Michael B. Duff

Lubbock's answer to a question no one asked

The serious business of humor on the Web

Jennifer Ordonez doesn’t think the Internet is very funny, or at least, not funny enough to make money.

Writing in Newsweek June 9, in the spectacularly well-named Technologist column, she said, “as a revenue driver, comedy on the Web has thus far been a joke.”

First, “Technologist” is the coolest word in the English language and I want it added to my title immediately. I want glossy black business cards that say, “Michael B. Duff, Technologist.” The title is so pretentious I won’t even have to explain what it means. If anybody asks I’ll just roll my eyes and sneer at them until they walk away.

But back to the matter at hand. Ordonez supports her conclusion by listing half a dozen floundering comedy sites, including Will Ferrell’s FunnyOrDie.com, pointing out that the site had 4.5 million unique visitors in April 2007 and a mere 835,000 in April 2008.

Ordonez blames these failures on a mismatch of content and technology. Companies that make good content don’t have good technology and companies with good technology can’t make good content. An environment that produces good comedy is not necessarily good for business, and the corporate monoliths that know how to keep a business running seem to strangle creativity in its crib.

So how do you make money with funny? At the end of Ordonez’s article, I was ready to admit that it can’t be done. Then I heard a polite cough –a short little b log post that disagreed with Ordonez and pointed her, gently, to the elephant in the room.

The post was from Dan Gurewitch, a writer for CollegeHumor.com. College Humor is a successful business that, according to their sales figures, draws in over six million unique visitors per month. So, if Will Ferrell’s project brought in 4.7 million during their best month and College Humor brings in 6 million consistently, why is FunnyOrDie getting so much press?

Increasingly there seems to be a disconnect between the Internet that journalists write about and the Internet that people actually use. Ask a college student what humor site they go to and most of them won’t even know the name of Ferrell’s project.

But real college kids don’t get press kits in the mail, and they don’t get calls from Public Relations agents. All they want is funny – uncomplicated, uncensored – served on a fast, clean site that doesn’t waste their time.

College Humor is not mentioned explicitly in the Technologist article, but this quote from Dean Valentine of Comedy.com seems to be a shot at them: “We see an opportunity to be broader than what’s out there, and not just guys getting hit in the groin with whiffle balls,”

College Humor may feature a lot of physical comedy and a lot of guys playing beer pong, but there’s a bit more to it than that. The site also features brilliant original videos aimed at 20-something Web geeks.

Where else can you find premises like, “What if business meetings were like Internet comment threads?” and “24: The Unaired 1994 Pilot.”

This is smart, original stuff produced by a corporate culture that seems like a college student’s dream. Video shorts set in the company offices show the staff singing songs, pulling pranks and wasting time in a dozen funny ways.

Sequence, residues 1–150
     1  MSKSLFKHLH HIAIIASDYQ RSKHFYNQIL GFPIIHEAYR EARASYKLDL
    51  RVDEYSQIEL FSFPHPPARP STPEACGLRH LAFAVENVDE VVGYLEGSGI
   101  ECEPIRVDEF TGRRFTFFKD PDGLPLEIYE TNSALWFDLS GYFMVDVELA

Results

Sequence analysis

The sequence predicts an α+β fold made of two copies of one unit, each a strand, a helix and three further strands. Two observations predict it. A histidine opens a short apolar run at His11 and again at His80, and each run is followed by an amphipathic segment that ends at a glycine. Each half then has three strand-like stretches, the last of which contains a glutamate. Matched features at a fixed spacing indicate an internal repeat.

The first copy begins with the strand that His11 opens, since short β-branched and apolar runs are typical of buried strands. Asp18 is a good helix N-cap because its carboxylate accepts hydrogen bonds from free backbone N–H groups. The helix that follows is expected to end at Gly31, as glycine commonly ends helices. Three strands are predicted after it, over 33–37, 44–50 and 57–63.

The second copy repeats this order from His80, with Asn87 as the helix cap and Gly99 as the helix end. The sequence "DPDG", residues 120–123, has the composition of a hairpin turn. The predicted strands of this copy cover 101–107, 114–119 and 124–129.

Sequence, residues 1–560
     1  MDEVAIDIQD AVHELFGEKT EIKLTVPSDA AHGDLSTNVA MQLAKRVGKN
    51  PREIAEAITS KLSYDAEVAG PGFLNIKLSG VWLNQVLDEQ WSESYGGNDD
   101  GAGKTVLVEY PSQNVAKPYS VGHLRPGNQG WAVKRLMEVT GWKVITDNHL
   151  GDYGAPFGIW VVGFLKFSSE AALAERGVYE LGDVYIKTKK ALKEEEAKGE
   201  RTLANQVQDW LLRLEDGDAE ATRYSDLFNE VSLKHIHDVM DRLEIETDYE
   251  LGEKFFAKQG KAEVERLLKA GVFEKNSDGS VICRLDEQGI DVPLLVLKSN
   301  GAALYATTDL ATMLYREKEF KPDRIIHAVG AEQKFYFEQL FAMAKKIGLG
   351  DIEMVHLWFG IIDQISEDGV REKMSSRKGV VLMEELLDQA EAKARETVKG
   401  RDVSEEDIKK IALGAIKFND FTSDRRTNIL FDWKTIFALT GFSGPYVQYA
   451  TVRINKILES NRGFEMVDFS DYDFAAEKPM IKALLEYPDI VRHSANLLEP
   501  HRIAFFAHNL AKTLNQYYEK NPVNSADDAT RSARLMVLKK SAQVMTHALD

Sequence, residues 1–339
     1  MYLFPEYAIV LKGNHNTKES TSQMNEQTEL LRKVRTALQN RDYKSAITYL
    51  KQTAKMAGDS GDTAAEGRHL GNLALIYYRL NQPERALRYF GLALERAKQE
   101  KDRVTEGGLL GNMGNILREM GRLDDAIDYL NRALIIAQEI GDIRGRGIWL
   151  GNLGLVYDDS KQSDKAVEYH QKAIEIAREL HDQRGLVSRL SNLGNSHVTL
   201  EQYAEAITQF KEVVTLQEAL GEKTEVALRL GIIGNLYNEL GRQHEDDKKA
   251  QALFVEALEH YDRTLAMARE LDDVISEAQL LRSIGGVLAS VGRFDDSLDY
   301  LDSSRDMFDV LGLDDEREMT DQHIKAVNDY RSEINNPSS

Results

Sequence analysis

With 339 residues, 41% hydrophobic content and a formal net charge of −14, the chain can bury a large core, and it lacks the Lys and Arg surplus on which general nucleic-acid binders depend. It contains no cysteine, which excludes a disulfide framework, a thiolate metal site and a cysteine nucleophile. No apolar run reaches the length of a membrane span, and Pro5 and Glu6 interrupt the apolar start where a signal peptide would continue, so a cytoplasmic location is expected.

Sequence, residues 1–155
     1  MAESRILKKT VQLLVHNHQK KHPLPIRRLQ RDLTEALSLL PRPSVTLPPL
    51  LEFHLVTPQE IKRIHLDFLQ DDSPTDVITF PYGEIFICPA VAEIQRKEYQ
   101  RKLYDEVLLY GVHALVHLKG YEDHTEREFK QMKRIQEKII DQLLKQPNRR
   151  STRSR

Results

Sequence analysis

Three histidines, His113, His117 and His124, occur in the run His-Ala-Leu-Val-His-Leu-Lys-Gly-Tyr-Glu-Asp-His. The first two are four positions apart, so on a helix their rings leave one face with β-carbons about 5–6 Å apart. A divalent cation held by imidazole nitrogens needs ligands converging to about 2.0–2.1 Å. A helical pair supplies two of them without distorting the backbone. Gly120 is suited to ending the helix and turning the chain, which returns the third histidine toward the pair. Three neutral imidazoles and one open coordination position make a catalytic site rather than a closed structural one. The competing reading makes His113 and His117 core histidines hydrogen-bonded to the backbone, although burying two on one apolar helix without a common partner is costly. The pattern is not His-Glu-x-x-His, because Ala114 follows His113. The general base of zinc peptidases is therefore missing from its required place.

The video of College Humor staff lip-dubbing Harvey Danger’s “Flagpole Sitta” makes Connected Ventures look like the coolest company on Earth. If you watch it from inside a bland corporate cubicle, you may weep.

Want to put funny on the Web? It looks like the College Humor guys have figured it out. They’re obviously bringing in eyeballs, but can they really turn cool into money? Only their landlord knows for sure.

Written by Michael B. Duff

June 27, 2008 at 03:18

Posted in Columns, Humor, Video

One Response

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  1. I really enjoyed your piece on Lubbock Online today. I tried to send you an e-mail, but couldn’t find the address on the site or here on the blog.

    The fact that you brought up the mismatch between content and technology is interesting, but I think it’s tangential to where the future of the online comedy market really is, at least in the short term.
    It’s my opinion that the real area where money is made in online comedy is in distribution – finding (not necessarily creating) things that are funny and compiling them in one place where it’s easy and convenient for the user to enjoy them. If you look at CollegeHumor’s core business model, you’ll notice this is what they do. Although their original shorts are very funny and draw attention to the site, the vast majority of the videos on their site (and pretty much all of them up until a few years ago) were created by other people. But they got good at finding funny stuff, putting it all in one place, and making finding humorous content easy for the web user.

    In fact, this is the basic model used by many of the most successful sites on the web – DrudgeReport.com, Fark.com, Break.com, and a host of others. On balance, the content aggregators have done much better than the content creators. In fact, I’m pretty sure that the only successful humor site that creates all its own content is TheOnion.com.

    It’s my belief that there’s also value in being the first site where someone sees something funny. That’s what we’ve made it our mission to do with ChuckleDumper.com. We’ve become very good at finding and featuring comedy news and viral content hours or days before the larger sites get around to it – videos like ImprovEverywhere’s Grand Central Station Freeze (http://www.chuckledumper.com/index/site/id/4872/), PicnicFace’s “I’m Your Brother” (http://www.chuckledumper.com/index/site/id/4469/) and Waverly Films’ “Everything Poops” (http://www.chuckledumper.com/index/site/id/4741/).


    June 28, 2008 at 12:27

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